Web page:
Present-day Santa Ysabel Ranch can be traced back to Mission San Miguel Arcángel lands. The mission is a Spanish mission in San Miguel, San Luis Obispo County, California. It was established on July 25, 1797 by the Franciscan order, on a site chosen due to the availability of water and the large number of Salinan Indians that inhabited the area, whom the Spanish priests wanted to evangelize. The present-day Santa Ysabel Ranch subdivision was part of the lands inhabited by the native Salinan Indians for thousands of years prior to the founding of the mission.
Rancho Santa Ysabel was a 17,774 acre Mexican land grant in present-day San Luis Obispo County, California given in 1844 by Governor Manuel Micheltorena to Francisco C. Arce. The grant was southeast of present-day Paso Robles, between the Salinas River on the west and Huer-huero Creek on the east.
With the cession of California to the United States following the Mexican-American War, the 1848 Treaty of Guadalupe Hidalgo provided that the Mexican land grants would be honored. As required by the Land Act of 1851, Francisco Arce filed a claim for Rancho Santa Ysabel with the Public Land Commission in 1852, and the grant was patented to him 14 years later in 1866.
Arce sold parts of the rancho to Jeremiah Clark in 1853, to Manual Castro in 1855, to Theodoro Gonzales in 1859, and to Maurice Dore 1874 after buying it back between sales. Francisco Arce died in 1878.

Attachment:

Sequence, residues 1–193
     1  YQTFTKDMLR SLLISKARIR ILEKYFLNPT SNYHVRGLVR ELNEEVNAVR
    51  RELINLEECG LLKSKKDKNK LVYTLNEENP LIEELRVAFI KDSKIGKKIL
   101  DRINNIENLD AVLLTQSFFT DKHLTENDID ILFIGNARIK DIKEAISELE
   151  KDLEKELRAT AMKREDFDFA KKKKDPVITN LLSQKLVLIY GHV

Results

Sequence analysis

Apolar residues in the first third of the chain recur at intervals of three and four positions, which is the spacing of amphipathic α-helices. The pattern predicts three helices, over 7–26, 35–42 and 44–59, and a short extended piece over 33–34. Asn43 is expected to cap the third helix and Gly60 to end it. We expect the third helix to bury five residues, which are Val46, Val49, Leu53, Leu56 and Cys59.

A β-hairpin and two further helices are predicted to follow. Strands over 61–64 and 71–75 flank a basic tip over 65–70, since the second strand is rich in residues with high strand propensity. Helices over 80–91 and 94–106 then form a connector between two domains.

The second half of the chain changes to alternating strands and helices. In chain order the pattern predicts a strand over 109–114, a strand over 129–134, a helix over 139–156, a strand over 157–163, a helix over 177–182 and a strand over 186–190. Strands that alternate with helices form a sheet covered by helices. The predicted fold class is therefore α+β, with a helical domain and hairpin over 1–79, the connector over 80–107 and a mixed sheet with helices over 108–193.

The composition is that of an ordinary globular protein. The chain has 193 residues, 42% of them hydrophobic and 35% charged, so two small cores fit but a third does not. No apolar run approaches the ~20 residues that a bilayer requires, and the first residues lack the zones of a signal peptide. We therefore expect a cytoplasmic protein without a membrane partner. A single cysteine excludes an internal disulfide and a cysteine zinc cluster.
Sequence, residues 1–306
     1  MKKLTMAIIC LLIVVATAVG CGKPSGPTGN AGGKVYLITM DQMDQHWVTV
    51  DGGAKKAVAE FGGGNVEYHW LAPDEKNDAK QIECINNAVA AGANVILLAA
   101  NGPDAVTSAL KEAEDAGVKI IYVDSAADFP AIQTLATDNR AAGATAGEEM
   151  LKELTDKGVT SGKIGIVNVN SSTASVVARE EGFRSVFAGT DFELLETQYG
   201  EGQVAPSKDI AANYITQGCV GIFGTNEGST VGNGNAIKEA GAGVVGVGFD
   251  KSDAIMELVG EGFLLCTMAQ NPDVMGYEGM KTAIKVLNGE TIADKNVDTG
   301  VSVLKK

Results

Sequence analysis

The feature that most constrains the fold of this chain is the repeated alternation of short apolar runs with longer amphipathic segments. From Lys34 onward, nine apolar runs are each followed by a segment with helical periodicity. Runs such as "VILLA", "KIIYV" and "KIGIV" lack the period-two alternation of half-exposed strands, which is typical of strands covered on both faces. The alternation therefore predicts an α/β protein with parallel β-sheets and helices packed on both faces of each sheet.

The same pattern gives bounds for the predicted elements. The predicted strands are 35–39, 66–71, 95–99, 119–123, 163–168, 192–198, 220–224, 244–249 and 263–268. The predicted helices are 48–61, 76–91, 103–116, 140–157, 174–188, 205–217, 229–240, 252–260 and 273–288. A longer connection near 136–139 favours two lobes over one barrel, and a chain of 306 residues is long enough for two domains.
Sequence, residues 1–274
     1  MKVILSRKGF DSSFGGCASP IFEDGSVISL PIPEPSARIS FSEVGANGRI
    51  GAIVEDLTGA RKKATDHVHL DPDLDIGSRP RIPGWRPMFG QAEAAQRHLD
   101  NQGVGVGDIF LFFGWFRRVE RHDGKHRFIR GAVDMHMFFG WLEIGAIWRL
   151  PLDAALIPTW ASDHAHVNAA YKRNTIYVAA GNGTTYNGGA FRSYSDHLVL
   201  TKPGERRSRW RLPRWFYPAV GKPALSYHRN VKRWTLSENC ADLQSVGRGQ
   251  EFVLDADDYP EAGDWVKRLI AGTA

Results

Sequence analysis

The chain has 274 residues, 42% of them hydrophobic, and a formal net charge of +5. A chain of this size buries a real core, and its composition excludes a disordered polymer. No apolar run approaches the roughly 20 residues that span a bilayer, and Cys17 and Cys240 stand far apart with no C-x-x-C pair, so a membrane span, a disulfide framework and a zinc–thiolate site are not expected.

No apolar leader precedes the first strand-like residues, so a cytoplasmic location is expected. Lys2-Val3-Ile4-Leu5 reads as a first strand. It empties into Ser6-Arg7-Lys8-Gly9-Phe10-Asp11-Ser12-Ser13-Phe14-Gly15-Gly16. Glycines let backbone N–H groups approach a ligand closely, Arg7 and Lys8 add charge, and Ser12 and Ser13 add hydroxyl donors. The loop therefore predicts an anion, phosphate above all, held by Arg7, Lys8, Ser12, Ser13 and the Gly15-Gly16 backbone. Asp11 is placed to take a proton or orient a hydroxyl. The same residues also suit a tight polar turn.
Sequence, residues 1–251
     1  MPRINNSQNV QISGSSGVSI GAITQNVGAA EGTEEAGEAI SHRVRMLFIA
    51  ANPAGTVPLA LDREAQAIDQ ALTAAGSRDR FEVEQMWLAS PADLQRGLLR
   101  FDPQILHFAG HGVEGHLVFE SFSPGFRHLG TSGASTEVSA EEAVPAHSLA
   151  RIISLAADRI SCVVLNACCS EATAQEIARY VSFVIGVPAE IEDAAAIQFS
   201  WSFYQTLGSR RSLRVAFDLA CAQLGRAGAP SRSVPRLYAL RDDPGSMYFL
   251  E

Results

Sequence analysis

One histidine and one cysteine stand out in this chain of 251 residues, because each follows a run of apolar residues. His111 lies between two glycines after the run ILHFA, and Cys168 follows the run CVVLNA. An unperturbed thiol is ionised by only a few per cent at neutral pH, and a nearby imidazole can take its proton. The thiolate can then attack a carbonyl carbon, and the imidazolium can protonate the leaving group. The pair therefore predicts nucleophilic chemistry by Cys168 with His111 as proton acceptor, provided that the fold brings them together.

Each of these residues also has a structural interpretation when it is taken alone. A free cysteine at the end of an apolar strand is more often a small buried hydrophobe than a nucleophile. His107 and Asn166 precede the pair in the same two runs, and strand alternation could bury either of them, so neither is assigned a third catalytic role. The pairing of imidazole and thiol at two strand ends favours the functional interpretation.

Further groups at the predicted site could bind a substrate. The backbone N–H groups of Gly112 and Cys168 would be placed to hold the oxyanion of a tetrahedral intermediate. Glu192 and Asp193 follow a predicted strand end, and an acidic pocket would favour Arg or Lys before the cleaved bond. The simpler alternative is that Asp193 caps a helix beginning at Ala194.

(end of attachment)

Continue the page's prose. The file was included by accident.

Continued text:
Chauncey Hatch Phillips with the West Coast Land Company bought Rancho Santa Ysabel in 1886, and subdivided it to be sold as farm lots to individuals ready to settle in the area being opened up by the arrival of the railroad.
With the coming of the railroad in 1886, the West Coast Land Company set aside 160 acres for the town of Templeton to the south of Santa Ysabel Ranch after purchasing 63,000 acres of surrounding countryside for subdividing into small ranches to sell to settlers. Originally the town was called Crocker after Charles F. Crocker, a vice president of the Southern Pacific Railroad. Crocker declined the honor of having a town named after him and chose Templeton, the name of his 2-year-old son, instead.
The West Coast Land Company held an auction of the Santa Ysabel ranch land in April, 1887 for lots starting at 5 acres and $10 to $30 per acre ($265 to $796 per acre today). The auction was promoted in San Franciso newspapers, and a special Southern Pacific train was scheduled to Templeton from San Francisco.
D. W. Horsburgh, a major land owner, formed the Santa Ysabel Hot Springs Land Development Company in 1888 to develop the area around the hot springs into a resort and to sell residential lots around the resort. However, after the railroad bypassed the hot springs, the lots did not sell well, and the resort was never built. Lake Ysabel formed by damming the hot springs became a popular picnicking and swimming area for years afterward.
The Horsburghs operated a dairy farm on the land until 1932 when it was sold to C. W. hunter for ranching. Weyrich Development Company acquired approximately 674 acres in the early 2000’s and subdivided it into 146 residential lots to create the present-day Santa Ysabel Ranch. Lot sales began in August, 2002 and were conducted in three phases concluding in 2004.